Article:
This is a picture of my late granddad. He was an ARP warden during the war and his beat was the East End of London which, for those that don’t know, was bombed pretty much constantly by the Germans during the second world war.
Almost every night, he would go out walking the streets making sure people were safe and reporting on bomb damage, sometimes even as the bombs were falling. After that he would go home, not knowing if his own house was still standing or his family still alive, before heading off to do a full-time shift as a porter at one of the big London markets. That went on right through the blitz.
I mention him now because in the wake of the terrorist attack in London yesterday, much is being made of the fact that we, as a nation, have a spirit which means that we will never be defeated by these cowards who are now seemingly hiding in our midst. And of course we won’t, just as we weren’t by the Nazi’s or the loathsome IRA.
Some call it the Dunkirk spirit, others refer to the ‘Keep calm and Carry On’ mantra which has become synonymous with our nation in recent years but whatever it is, we have it, in spades. And it will see us through these worrying sad times just as it always has.
However, there is a huge difference between the Britain we knew in the blitz and even during the reign of terror imposed on us by the likes of Martin McGuinness in the 70’s and 80’s and it is becoming an increasing concern to me. It’s nothing to do with government, immigrants or even religion, it is to do with our individual selves. Or more specifically, what kind of Brits we are.
Much is being made of the selfish acts carried out on Westminster Bridge yesterday, and quite rightly so, but how many simply people walked by? How many were so obsessed with taking photo’s of the carnage lying on the road in front of them that they failed to offer a single ounce of compassion let alone help? The answer is too many. Far too many.
OK, I know there will be those who in moments of panic, default to their phones and others who, handcuffed by fear or even language, will have simply stood transfixed. But there were others who actively moved around taking pictures or film to upload onto social media or better still, sell for cold hard cash.
I won’t even ask how those people sleep at night because chances are, they will sleep just as they always sleep. But the fact that this mentality exists at all saddens me greatly because this isn’t the country that my granddad put his life at risk to protect.
Instead, we have become a nation which has a cancer running through it. And that cancer takes the form of selfishness. Far too many people these days have little or no concept of either personal responsibility, duty or even basic courtesy whilst both the law and authority have come to be regarded almost universally as some kind of enemy (until they need them of course).
Policemen, medics and even firemen are all too frequently abused and even attacked whilst simply trying to do their jobs whilst our servicemen and women, both serving and veterans, are regarded in some quarters as a cross between vermin and lepers. Marine A being a case in point.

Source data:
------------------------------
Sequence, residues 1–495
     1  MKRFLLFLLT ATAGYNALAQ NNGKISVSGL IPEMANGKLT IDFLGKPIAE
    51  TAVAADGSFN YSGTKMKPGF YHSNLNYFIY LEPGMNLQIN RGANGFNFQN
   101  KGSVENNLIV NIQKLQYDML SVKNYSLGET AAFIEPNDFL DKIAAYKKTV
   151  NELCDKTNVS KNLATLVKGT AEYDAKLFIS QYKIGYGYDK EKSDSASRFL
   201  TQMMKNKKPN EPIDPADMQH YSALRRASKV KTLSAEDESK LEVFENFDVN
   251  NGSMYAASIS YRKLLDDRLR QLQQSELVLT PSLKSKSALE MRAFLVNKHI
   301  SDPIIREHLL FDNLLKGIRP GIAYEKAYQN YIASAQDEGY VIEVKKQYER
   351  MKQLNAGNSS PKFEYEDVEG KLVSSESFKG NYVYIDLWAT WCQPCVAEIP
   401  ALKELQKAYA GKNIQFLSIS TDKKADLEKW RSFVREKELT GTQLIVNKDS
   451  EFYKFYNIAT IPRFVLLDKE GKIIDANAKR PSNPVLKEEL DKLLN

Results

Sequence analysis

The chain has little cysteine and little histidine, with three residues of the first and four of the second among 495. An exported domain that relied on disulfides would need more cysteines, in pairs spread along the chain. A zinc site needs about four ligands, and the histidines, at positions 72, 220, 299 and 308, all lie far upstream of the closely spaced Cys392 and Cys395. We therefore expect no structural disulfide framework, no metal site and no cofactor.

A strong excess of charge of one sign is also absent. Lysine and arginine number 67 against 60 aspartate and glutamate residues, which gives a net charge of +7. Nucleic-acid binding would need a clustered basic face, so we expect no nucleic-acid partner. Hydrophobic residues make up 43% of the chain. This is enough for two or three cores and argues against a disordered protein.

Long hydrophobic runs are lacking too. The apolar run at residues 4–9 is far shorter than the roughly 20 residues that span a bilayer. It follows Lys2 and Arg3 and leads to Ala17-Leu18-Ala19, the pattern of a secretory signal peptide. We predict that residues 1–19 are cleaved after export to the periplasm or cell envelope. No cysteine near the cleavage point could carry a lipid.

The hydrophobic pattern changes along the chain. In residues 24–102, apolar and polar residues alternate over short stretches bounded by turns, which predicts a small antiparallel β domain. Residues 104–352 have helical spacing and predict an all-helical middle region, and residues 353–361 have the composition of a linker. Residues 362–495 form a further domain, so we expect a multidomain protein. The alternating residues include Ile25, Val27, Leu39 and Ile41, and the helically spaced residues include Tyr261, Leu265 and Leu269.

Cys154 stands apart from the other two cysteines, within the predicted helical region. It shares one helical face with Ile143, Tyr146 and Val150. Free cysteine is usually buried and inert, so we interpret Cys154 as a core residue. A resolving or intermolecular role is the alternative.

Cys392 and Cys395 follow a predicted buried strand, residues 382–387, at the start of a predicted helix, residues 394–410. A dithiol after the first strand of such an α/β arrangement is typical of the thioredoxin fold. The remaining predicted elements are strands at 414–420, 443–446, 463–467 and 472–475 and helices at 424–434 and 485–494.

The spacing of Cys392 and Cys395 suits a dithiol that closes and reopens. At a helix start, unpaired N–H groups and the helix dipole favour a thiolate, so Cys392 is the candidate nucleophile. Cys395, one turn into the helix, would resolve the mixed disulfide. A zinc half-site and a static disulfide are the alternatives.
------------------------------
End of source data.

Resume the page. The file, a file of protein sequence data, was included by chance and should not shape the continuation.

Yet these are public servants. Their job, vocation even, is to protect, defend and aid society, our society. And the fact that they do that, by choice, should be applauded, not ignored. After all, can you, hand on heart, say that you would walk toward danger rather than run away from it? Yet that is what they do, some of them do it every single working day.
But we should not simply respect these people, we should aspire to be like them. For the way to defeat terrorism isn’t simply to ‘keep calm and carry on, because all that does is invite more of the same. The way to win the war on terror is to be better than those who wish to harm us. And that’s what we have to do, all of us, be better. Better at caring, better at helping and most of all, be better at being citizens.
Do that, we don’t just win, we win big.
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One thought on “Why we must do more than ‘Keep calm and carry on’ to win the war on terror.”
A very important and salient response to yesterday’s atrocities. Unfortunately, your assessment of the way people reacted is not just a “British thing”. The first move that any American seems to want to make in times of danger, is to grab their phone and start recording video. It seems to be a mentality that they all need to be the “recorder of record” rather than take an active part in dealing with the situation that unfolds before them.
This is more indicative of the technological era in which we live. When you and I were growing up, we did not have these mini-computers in our hands. Yet, I can still recall my dad, whenever we witnessed a car accident unfold before us, say something along the lines of “do not get involved”.
The same thing seems to have been prevalent here in the States, so while the methodology of people remaining disengaged may have changed, the underlying disinterest in helping our fellow man has always been there.
In my humble opinion, the generations that followed WW2 have, for the most part, moved away from civic engagement. Yes, situations like the Falklands, Iraq, and Afghanistan, for whatever reason the came about (right or wrong) saw many good people, yourself included, put themselves in harm’s way to help others. However, I have to think that this is the exception these days, rather than the norm.
But when I watch my own sons growing up, I sense that this feeling of “doing good” may slowly be returning. My boys, and many of their friends, often go out of their way to help those around them. So I hold out hope that their generation will stop the cancer that our generation started.